I was sitting in my office when the call came from Fox TV. The studio was releasing a DVD collection of the first season of "Remington Steele." Was I willing to be interviewed for a special feature about my experiences writing for the show, and an episode of mine they wanted to highlight?
Remington Steele. It was a name out of my past. I searched through my office for tapes of the show, pulling each one out like old evening wear stored in the back of my closet. That night I watched them, not knowing what to expect after all these years. Like a classic little black dress, each episode held up. It was clever. It had charm. It was funny.
"Remington Steele" was the first television series for which I wrote, a first job for many of its writers. Most of us were young. Single. Just married. Or having flings. And the irreverent tone of the show fit us like a snug pair of jeans.
The writing staff worked out stories together, throwing ideas around in a good-natured free-for-all, filled with inevitable one-upmanship. The beginning shows centered around Remington. Who was he? What was his past? The only woman, I presented the revolutionary notion of writing about the brains behind the operation, Laura Holt. There had to be more to Laura than the buttoned-up professional we saw on the screen. What about lovers? What if an old flame turned up? My husband had just returned from a business trip to Rancho Cucamonga, a name intrinsically funny to me. There were wineries there. What if we set the story in a winery? What if? What if? My episode, "Vintage Steele," was born.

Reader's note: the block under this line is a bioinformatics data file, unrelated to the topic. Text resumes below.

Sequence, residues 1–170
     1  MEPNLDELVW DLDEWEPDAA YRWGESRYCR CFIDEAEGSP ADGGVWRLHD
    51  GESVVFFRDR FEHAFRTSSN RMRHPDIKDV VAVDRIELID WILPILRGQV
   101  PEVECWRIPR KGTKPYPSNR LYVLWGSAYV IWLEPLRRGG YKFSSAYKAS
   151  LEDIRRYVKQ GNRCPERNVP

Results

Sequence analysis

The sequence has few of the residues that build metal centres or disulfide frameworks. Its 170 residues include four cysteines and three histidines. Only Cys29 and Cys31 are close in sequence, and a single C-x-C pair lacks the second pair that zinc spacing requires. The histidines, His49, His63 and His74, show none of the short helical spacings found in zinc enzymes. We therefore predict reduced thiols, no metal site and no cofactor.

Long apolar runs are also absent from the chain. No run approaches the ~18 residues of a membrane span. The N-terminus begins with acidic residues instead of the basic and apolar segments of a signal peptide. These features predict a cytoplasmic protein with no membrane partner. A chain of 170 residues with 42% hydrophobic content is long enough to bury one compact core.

Feeding the maw of a weekly television series means writing quickly. Long nights. I wrote my script. Did rewrites. On the first day of shooting, I drove out to the location--a winery, yes, in Rancho Cucamonga. There were the actors. Director. Camera and cables. All this hullabaloo.
Unlike my own kids, I didn't grow up in a media-saturated culture, where cashiers, as well as studio heads, can recite weekend box-office receipts. You turned on the TV and images appeared on the screen, like magic. You never wondered how. Now there was magic of another kind, seeing a world made real because of the words I'd written.
I did other episodes for "Remington Steele," went on to different shows, wrote films for television and features. "Remington Steele" went off the air.
Just the other night, I watched the DVD, special features and all, for the first time. As I listened and watched, I realized that in the paradoxical way our culture discards its products ever faster, only to reclaim them in order to savor--and profit from--the past, "Remington Steele" had become something timeless. Like memory.
At the end of the first season, the executive producer told me that "Vintage Steele" was being submitted for an Emmy that year. It didn't win. It didn't get a nomination. But promise beckoned in that first blush of working life, the heady bouquet of the future rose.
And I understood, whether on the glittering road to the Emmys, or in the satisfaction of filling the first blank page of a script, a single truth moves the laughter and tears called forth from the audiences that Norma Desmond so poignantly calls "those wonderful people out there in the dark": In the beginning, there is the word.